If you run a basic Google search for “sue school over injury” you’ll find 12,700,000 results. You might come across stories like this one, where a high school student is suing her school after getting hit in the head with a tennis ball during gym class. Or something like this, where a school in England ripped up their playground after paying millions of dollars to students that got hurt; including “a child who got more than £15,000 after falling off a wall and another who collected £6,000 after cutting a leg while sliding down a banister.” Many of us feel like we live in a “sue-happy” culture and too many parents are looking to point the finger at someone else when their child gets hurt. But even with the best intentions and precautions accidents happen in youth sports and kids can and will get hurt. But when that happens who is to blame?
In some cases, like the story of the Idaho football player who was put back into the game after suffering a concussion and collapsed two plays later, the football coaches and/or athletic trainers who cleared him to play without properly evaluating him are clearly at fault. The 2012 Idaho Legislature passed a law that says if a youth athlete “has sustained a concussion or head injury and exhibits outward signs or symptoms of such … then the youth athlete shall be removed from play.” The athlete will only be allowed to return to play once he or she is “evaluated and authorized to return by a qualified health care professional who is trained in the evaluation and management of concussions.” Putting the player right back into the game is in clear violation of this law.
But in other scenarios there isn’t a clear “bad guy” we can’t blame the injury on. For instance, if two soccer players collide because both of them are trying to head a ball and one of them suffers a concussion then who is at fault? Is it the other player who walked away unharmed? Is it the coach that taught the player how to do a header in the first place? Or if a basketball player lands wrong after a jump shot and tears their ACL is the school at fault? Can you sue Nike if the player was wearing that brand’s shoes?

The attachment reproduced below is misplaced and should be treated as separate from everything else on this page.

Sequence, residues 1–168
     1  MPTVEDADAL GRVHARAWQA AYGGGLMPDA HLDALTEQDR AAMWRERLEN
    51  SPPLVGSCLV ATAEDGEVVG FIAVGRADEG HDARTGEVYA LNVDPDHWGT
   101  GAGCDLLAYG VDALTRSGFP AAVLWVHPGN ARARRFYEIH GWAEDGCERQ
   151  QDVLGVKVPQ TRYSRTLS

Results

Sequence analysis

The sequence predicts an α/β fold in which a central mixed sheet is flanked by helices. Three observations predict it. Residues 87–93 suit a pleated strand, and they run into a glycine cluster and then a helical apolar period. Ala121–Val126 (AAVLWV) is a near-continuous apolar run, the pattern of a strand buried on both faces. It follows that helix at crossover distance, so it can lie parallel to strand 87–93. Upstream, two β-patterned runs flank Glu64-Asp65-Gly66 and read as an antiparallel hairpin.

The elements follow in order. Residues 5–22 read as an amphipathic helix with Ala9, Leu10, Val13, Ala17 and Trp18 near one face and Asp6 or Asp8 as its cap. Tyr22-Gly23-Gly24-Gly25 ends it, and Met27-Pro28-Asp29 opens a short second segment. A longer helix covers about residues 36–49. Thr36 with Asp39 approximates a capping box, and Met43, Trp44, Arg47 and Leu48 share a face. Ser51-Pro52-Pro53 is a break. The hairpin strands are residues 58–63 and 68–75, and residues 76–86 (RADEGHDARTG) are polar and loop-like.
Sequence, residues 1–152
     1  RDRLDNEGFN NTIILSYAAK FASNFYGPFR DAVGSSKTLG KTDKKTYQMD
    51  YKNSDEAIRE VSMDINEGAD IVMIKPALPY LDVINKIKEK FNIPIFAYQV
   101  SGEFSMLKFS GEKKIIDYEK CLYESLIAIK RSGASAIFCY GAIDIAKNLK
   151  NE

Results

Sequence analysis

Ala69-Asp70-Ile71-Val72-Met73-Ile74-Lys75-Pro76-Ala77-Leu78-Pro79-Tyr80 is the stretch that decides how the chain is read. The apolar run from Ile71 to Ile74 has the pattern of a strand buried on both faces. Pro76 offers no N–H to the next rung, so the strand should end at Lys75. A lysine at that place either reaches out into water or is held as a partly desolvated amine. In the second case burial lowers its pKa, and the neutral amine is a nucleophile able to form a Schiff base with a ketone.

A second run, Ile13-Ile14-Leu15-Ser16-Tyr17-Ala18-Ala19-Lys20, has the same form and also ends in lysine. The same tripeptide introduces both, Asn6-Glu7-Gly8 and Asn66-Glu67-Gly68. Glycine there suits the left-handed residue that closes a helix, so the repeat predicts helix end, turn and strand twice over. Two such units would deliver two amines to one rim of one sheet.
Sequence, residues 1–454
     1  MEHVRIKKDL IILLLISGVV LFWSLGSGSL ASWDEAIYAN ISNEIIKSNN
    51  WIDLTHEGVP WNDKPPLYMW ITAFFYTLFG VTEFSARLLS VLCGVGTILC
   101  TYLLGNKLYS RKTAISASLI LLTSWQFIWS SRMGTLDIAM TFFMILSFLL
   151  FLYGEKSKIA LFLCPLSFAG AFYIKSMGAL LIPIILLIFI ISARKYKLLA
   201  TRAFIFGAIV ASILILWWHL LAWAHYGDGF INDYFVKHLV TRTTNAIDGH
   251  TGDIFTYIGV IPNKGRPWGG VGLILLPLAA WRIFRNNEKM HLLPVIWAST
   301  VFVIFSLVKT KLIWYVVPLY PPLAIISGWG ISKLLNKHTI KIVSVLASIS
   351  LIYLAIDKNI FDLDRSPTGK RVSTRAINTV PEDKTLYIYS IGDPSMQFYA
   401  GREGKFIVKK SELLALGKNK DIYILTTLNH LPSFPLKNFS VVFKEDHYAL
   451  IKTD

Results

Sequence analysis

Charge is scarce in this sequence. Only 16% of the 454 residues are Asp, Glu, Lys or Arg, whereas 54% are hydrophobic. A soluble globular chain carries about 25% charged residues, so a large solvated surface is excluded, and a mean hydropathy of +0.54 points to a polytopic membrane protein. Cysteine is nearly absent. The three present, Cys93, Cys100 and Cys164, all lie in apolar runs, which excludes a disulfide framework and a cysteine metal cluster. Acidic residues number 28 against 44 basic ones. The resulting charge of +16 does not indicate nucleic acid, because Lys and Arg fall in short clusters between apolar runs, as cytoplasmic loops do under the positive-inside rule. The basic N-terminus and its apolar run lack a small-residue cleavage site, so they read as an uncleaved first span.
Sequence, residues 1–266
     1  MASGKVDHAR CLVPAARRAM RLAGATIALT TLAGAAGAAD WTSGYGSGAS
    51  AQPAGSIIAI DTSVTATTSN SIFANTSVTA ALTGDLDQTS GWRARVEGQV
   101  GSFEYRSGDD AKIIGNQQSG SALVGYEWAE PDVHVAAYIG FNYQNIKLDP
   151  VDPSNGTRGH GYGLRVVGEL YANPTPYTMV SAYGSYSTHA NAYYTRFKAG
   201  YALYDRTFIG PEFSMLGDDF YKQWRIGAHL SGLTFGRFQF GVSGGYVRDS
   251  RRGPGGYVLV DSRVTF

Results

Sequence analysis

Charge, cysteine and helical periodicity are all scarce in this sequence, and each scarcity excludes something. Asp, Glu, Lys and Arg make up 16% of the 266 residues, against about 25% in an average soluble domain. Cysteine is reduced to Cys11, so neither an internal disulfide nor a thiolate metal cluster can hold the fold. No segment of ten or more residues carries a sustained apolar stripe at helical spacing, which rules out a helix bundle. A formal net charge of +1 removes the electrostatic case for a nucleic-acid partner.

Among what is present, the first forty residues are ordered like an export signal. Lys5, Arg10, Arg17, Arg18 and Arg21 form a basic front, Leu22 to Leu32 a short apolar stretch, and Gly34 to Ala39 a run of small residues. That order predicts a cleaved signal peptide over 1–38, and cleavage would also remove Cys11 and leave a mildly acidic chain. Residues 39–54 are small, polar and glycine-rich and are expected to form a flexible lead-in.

The middle school that banned balls at recess stated that ““Some of these injuries can unintentionally become very serious, so we want to make sure our children have fun, but are also protected.” The school feels that by removing things like footballs and soccer balls kids are less likely to get hurt during recess.
Obviously no parent wants to get a phone call from the school saying their child has broken their arm at recess, but are skinned knees and a few bruises from falling off the monkey bars really cause to sue a school? Connecticut parents are suing the school after their daughter broke her ankle during a late night game of tag, alleging that “the teachers should have inspected the playground before bringing the students there, and questioned the teachers’ judgment in bringing students “to a poorly lit area at 10:30 p.m. to play tag when they knew or should have known that such an activity was dangerous.”
With stories like this flooding the search results can you really blame schools for banning footballs at recess?